With these issues in mind, we developed Deception And Truth Analysis (D.A.T.A.) with Orbit Financial. Based on a 10-year investigation of those deception technologies that work in and out of sample — hint: not reading body language — D.A.T.A. examines more than 30 language fingerprints in five separate scientifically proven algorithms to determine how these speech elements and language fingerprints interact with one another.

The process is similar to that of a standard stock screener. That screener identifies the performance fingerprints we want and then applies these quantitative fingerprints to screen an entire universe of stocks and produce a list on which we can unleash our financial analysis. D.A.T.A. works in the same way.

A key language fingerprint is the use of articles like a, an, and the, for example. An excess of these is more associated with deceptive than truthful speech. But article frequency is only one component: How the articles are used is what really matters. And since articles are directly connected to nouns, D.A.T.A is hard to outmaneuver. A potential dissembler would have to alter how they communicate, changing how they use their nouns and how often they use them. This is not an easy task and even if successful would only counteract a single D.A.T.A. language fingerprint.

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The other key findings from recent D.A.T.A. tests include the following:

  • Time and Resource Savings: D.A.T.A. assesses over 70,400 words per second, or the equivalent of a 286-page book. That is a 99.997% time savings over people and a cost savings of more than 90%.
  • Deception Accuracy: Each of the five algorithms are measured at deception detection accuracy rates far above what people can achieve in text-based analyses. Moreover, the five-algorithm combination makes D.A.T.A. difficult to work around. We estimate its accuracy exceeds 70%.
  • Fraud Prevention: D.A.T.A. could identify the 10 largest corporate scandals of all time — think Satyam, Enron — with an average lead time in excess of six years.
  • Outperformance: In one D.A.T.A. test, we measured the deceptiveness of each component of the Dow Jones Industrial Average each year. In the following year, we bought all but the five most deceptive Dow companies. From 2009 through 2019, we repeated the exercise at the start of each year. This strategy results in an average annual excess return of 1.04% despite the sometimes nine-month lag in implementing the strategy.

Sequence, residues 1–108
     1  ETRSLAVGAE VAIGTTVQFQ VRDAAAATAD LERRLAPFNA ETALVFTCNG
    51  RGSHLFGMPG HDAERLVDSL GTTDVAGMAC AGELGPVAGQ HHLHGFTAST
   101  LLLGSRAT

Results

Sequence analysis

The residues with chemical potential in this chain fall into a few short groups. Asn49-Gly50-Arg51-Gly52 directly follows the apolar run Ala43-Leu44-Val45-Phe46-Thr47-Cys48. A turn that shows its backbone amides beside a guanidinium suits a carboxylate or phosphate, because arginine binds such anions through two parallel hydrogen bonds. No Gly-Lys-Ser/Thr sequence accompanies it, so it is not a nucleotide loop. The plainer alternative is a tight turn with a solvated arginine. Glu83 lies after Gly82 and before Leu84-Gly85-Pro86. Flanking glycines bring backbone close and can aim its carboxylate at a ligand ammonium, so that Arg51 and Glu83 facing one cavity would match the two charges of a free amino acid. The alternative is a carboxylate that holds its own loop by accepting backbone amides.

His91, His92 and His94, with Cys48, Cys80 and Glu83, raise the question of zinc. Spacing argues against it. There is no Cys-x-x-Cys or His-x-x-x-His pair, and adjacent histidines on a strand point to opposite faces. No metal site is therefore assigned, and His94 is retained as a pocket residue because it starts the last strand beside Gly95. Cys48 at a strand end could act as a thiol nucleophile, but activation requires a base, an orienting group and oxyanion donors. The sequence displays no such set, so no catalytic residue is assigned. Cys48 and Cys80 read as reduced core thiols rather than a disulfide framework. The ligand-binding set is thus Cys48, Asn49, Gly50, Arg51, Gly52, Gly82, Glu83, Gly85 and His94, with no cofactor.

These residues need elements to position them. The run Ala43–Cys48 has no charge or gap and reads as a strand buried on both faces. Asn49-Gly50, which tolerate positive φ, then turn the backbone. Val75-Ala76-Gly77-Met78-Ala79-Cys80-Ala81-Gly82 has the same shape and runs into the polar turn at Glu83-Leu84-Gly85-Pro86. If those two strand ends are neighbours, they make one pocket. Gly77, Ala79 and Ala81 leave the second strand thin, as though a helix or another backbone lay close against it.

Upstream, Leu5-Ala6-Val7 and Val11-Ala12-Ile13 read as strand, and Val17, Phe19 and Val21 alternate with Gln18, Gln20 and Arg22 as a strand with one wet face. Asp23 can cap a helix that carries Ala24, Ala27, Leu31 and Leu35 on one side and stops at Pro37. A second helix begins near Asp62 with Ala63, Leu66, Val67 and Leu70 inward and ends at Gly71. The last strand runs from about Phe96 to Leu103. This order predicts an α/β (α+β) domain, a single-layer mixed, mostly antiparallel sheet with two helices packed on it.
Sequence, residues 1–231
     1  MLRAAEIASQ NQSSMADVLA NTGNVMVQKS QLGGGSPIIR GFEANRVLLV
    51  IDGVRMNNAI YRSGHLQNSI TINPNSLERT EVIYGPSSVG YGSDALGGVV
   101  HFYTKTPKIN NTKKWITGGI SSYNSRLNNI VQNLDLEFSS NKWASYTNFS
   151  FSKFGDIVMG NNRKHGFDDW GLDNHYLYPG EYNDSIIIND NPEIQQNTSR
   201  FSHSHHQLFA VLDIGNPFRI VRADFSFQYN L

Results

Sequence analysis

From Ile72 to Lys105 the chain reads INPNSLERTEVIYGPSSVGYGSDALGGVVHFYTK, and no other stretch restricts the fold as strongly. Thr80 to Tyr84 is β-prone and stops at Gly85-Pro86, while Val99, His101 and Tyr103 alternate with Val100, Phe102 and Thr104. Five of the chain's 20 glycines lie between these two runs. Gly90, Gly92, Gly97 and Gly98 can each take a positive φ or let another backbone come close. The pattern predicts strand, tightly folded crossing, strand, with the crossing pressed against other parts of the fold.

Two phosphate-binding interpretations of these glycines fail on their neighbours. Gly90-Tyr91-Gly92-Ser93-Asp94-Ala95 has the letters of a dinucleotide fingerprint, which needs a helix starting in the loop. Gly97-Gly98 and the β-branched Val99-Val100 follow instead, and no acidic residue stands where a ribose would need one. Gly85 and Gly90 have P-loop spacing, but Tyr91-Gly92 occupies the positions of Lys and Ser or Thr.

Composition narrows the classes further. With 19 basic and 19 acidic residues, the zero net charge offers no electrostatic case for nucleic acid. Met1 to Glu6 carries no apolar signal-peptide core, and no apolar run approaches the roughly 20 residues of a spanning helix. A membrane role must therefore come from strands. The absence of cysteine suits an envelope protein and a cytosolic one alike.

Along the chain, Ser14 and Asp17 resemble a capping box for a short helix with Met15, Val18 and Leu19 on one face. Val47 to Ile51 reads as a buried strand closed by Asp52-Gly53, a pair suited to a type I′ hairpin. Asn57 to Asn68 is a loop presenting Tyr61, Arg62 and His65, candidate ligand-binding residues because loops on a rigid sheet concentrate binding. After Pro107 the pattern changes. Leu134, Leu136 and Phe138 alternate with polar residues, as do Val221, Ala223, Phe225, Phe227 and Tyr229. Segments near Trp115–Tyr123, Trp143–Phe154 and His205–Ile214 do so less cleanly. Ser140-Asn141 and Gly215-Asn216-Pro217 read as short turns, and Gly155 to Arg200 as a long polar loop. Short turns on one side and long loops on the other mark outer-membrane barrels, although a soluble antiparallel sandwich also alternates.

The writing is on the wall. Text-based analyses that leverages computer technology to detect fraud and deception results in significant savings in both time and resources. Future articles in this series will detail more D.A.T.A. test results and the fundamental analysis wins that this kind of technology makes possible.

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All posts are the opinion of the author. As such, they should not be construed as investment advice, nor do the opinions expressed necessarily reflect the views of CFA Institute or the author’s employer.

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Jason Voss, CFA

Jason Voss, CFA, tirelessly focuses on improving the ability of investors to better serve end clients. He is the author of the Foreword Reviews Business Book of the Year Finalist, The Intuitive Investor and the CEO of Active Investment Management (AIM) Consulting. Previously, he was a portfolio manager at Davis Selected Advisers, L.P., where he co-managed the Davis Appreciation and Income Fund to noteworthy returns. Voss holds a BA in economics and an MBA in finance and accounting from the University of Colorado.

Ethics Statement

My statement of ethics is very simple, really: I treat others as I would like to be treated. In my opinion, all systems of ethics distill to this simple statement. If you believe I have deviated from this standard, I would love to hear from you: jason@jasonapollovoss.com